All points/rating for this book, Princess Princess Ever After comes from the lovely, classical folktale illustrations that Kay O’Neill gave us.
This modern twist of Prince saving the Princess has been seen before, (this time we have a Princess saving the Princess). But this time O’Neill also tosses in a prince who has a little side story (which is not really needed, or at least could have been expanded a bit Perhaps he’ll get his own story someday?). However, it is still about expectations and doing what is right for yourself. Perhaps in 2016 when I am assuming this was first produced in the states, it was a new idea, but it has become common if not 100% “mainstream.”
I was speaking with a coworker about this book, and they had not read it, but thought it was an earlier book created by the author. I agreed as it did not feel “up to their standards” or what I feel O’Neill could do. I enjoyed the idea of the story, and it is diverse as the cover and title show. I enjoyed the idea of the adventures but there was something missing. And what was missing was, the story.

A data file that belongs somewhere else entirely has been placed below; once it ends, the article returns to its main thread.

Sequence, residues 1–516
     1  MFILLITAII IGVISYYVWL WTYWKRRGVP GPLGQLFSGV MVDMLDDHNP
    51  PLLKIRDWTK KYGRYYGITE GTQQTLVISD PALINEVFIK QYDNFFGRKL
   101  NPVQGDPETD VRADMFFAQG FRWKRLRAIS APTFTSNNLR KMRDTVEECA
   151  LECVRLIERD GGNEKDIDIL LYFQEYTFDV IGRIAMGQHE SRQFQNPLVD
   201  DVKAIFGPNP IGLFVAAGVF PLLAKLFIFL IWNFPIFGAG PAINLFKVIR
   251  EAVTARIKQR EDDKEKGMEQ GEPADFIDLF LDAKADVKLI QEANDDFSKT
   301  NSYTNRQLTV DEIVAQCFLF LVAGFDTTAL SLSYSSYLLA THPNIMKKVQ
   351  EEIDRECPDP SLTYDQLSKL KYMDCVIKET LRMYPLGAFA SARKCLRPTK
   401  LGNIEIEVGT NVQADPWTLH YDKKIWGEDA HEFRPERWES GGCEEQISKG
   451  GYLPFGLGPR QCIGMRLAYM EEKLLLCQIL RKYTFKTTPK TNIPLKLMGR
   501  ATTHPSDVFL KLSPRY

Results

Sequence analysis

O’Neill shows you a bit of how Princess Amira tackles trying to rescue Princess Sadie, and that recalls all the princess in a tower and/or guarded by a dragon story. Except this time, the dragon is a fat, beloved pet. And this time when the two princesses realize that they can battle their past, Sadie’s older sister (who put her in the tower) is defeated, and Amira admits she does not want to marry any old prince, and realizes she is not the hero she wants to be (yet) they can go be themselves until the time is right.
Yet, as said, there is not a lot of action, you just “see that stuff happened” and then have Amira return. And spoiler: the two Princesses find their happily ever after (or at least until after the honeymoon is over).